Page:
Before the season started, oddsmakers had the Minnesota Wild’s total points over/under at 61.5 for the 56-game shortened season. We’re now 47 games in and the Wild cleared their over/under then during the next game became just the third team in the NHL to clinch a playoff spot, behind the Vegas Golden Knights and Colorado Avalanche.
There were many uncertainties heading into the regular season. One of them was Dean Evason, who was entering his first full season as the head coach. Would he be able to guide the Wild through a division where half the teams were easily beatable? Would he be able to mix lines well enough despite a serious lack of depth at center? Would he be able to put incoming rookie Kirill Kaprizov in the best position to succeed?
The answer has been a resounding yes.
He has his flaws, but the fact remains Evason has done enough to hold the best points percentage mark in team history with .691. Only four other Wild teams have had a points percentage mark above .600. Not a bad feat in your first season.
|2020-21||NHL||Minnesota Wild||47||31||13||3||65||.691||0.54||-0.06||3rd of 8||D. Evason (31-13-3)||West|
|2016-17||NHL||Minnesota Wild*||82||49||25||8||106||.646||0.63||-0.08||2nd of 7||Lost NHL First Round||B. Boudreau (49-25-8)||Central||Western|
|2006-07||NHL||Minnesota Wild*||82||48||26||8||104||.634||0.65||0.11||2nd of 5||Lost NHL Conference Quarter-Finals||J. Lemaire (48-26-8)||Northwest||Western|
|2017-18||NHL||Minnesota Wild*||82||45||26||11||101||.616||0.29||0.04||3rd of 7||Lost NHL First Round||B. Boudreau (45-26-11)||Central||Western|
|2014-15||NHL||Minnesota Wild*||82||46||28||8||100||.610||0.39||0.03||4th of 7||Lost NHL Second Round||M. Yeo (46-28-8)||Central||Western|
|2013-14||NHL||Minnesota Wild*||82||43||27||12||98||.598||0.07||0.05||4th of 7||Lost NHL Second Round||M. Yeo (43-27-12)||Central||Western|
|2007-08||NHL||Minnesota Wild*||82||44||28||10||98||.598||0.16||0.10||1st of 5||Lost NHL Conference Quarter-Finals||J. Lemaire (44-28-10)||Northwest||Western|
|2002-03||NHL||Minnesota Wild*||82||42||29||10||1||95||.579||0.32||0.08||3rd of 5||Lost NHL Conference Finals||J. Lemaire (42-29-10-1)||Northwest||Western|
|2012-13||NHL||Minnesota Wild*||48||26||19||3||55||.573||-0.16||-0.05||2nd of 5||Lost NHL Conference Quarter-Finals||M. Yeo (26-19-3)||Northwest||Western|
|2019-20||NHL||Minnesota Wild*||69||35||27||7||77||.558||0.01||0.01||6th of 7||Lost NHL Qualifying Round||B. Boudreau (27-23-7), D. Evason (8-4-0)||Central||Western|
|2008-09||NHL||Minnesota Wild||82||40||33||9||89||.543||0.22||-0.02||3rd of 5||J. Lemaire (40-33-9)||Northwest||Western|
|2015-16||NHL||Minnesota Wild*||82||38||33||11||87||.530||0.13||0.01||5th of 7||Lost NHL First Round||M. Yeo (23-22-10), J. Torchetti (15-11-1)||Central||Western|
|2010-11||NHL||Minnesota Wild||82||39||35||8||86||.524||-0.30||0.03||3rd of 5||T. Richards (39-35-8)||Northwest||Western|
|2009-10||NHL||Minnesota Wild||82||38||36||8||84||.512||-0.26||0.07||4th of 5||T. Richards (38-36-8)||Northwest||Western|
|2005-06||NHL||Minnesota Wild||82||38||36||8||84||.512||0.28||0.08||5th of 5||J. Lemaire (38-36-8)||Northwest||Western|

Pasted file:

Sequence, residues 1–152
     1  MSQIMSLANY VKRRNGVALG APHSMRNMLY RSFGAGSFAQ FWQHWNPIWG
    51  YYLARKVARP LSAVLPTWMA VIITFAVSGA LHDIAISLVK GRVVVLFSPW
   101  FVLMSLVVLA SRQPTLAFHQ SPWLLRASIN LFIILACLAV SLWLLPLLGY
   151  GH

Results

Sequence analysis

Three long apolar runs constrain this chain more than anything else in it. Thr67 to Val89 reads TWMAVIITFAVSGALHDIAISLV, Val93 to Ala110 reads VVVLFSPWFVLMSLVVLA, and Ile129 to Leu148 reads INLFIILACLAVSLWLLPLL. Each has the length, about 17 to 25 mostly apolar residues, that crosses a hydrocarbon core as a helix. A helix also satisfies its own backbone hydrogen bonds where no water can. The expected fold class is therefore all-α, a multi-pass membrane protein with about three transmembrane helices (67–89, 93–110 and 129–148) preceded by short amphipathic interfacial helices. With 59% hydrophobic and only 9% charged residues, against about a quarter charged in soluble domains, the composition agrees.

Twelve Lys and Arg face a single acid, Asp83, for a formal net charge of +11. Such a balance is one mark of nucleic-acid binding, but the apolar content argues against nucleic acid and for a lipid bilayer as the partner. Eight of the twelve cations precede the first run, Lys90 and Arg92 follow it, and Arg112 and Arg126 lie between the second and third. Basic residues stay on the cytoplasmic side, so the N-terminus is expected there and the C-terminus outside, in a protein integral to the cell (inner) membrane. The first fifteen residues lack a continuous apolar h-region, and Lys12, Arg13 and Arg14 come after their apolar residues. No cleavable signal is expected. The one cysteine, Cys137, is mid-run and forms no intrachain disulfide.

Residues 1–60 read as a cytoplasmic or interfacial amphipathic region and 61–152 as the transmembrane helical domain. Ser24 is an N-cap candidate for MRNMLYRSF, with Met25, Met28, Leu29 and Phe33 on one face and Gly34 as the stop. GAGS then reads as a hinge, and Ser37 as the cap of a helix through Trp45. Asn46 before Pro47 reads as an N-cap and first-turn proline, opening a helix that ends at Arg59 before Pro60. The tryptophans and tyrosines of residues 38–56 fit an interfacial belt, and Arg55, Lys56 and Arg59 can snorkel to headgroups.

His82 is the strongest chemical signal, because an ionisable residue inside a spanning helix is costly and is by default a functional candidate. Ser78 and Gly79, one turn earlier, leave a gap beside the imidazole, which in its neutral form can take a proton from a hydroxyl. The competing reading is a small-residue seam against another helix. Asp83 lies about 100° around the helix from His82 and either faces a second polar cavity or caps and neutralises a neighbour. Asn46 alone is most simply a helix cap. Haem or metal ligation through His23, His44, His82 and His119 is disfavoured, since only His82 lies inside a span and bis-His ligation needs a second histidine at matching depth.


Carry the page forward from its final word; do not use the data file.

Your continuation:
|2018-19||NHL||Minnesota Wild||82||37||36||9||83||.506||-0.30||0.02||7th of 7||B. Boudreau (37-36-9)||Central||Western|
|2003-04||NHL||Minnesota Wild||82||30||29||20||3||83||.506||0.08||0.02||5th of 5||J. Lemaire (30-29-20-3)||Northwest||Western|
|2011-12||NHL||Minnesota Wild||82||35||36||11||81||.494||-0.58||0.02||4th of 5||M. Yeo (35-36-11)||Northwest||Western|
|2001-02||NHL||Minnesota Wild||82||26||35||12||9||73||.445||-0.41||0.11||5th of 5||J. Lemaire (26-35-12-9)||Northwest||Western|
|2000-01||NHL||Minnesota Wild||82||25||39||13||5||68||.415||-0.42||0.09||5th of 5||J. Lemaire (25-39-13-5)||Northwest||Western|
Now comes the question: Can Evason help navigate the Wild through the playoffs?
Minnesota’s opponent in the playoffs has still yet to be determined, but we know that they will open up against Vegas or Colorado — most likely the Avs. That would be a high-intensity series, as the two teams already have a strong dislike for one another. But let’s not get ahead of ourselves just yet.
While the Wild have been able to ride the coattails of Kaprizov’s Calder-worthy season and some incredibly strong goaltending, they still have flaws. The most notable one, the center position, is a complete liability on any given night.
How does this matter to the playoffs? It’s pretty simple: The Wild cannot afford subpar play down the middle. If the team is losing games and they can’t get decent play from Rask or Bonino, Evason must quickly put someone else — Joel Eriksson Ek, Nick Bjugstad, or even a call-up from Iowa or the taxi squad – in their place. They can get through the end of the regular season with this, but they will get beat in a seven-game series against the best teams in the league. He will have to make that call immediately. Hesitation will only hurt the Wild.
While the team and coaching staff is adamant that they will not rest players, they need to be able to try some new things and have contingencies for the playoffs should they need to make changes. It’s not just the center position. If there are goaltending struggles, don’t be afraid to make a quick switch. Alex Stalock did not impress in last summer’s play-in series against the Vancouver Canucks, but Evason had to stick with him for lack of a viable backup option.
Having two good goaltenders has helped the Wild in playoff series before, and who knows, it easily could again.
Praises should be cast upon Evason for what he’s done in the regular season. But now the time has come to shift the focus and begin judging him on the most important metric: Can he guide the Wild to their first playoff series win since 2015?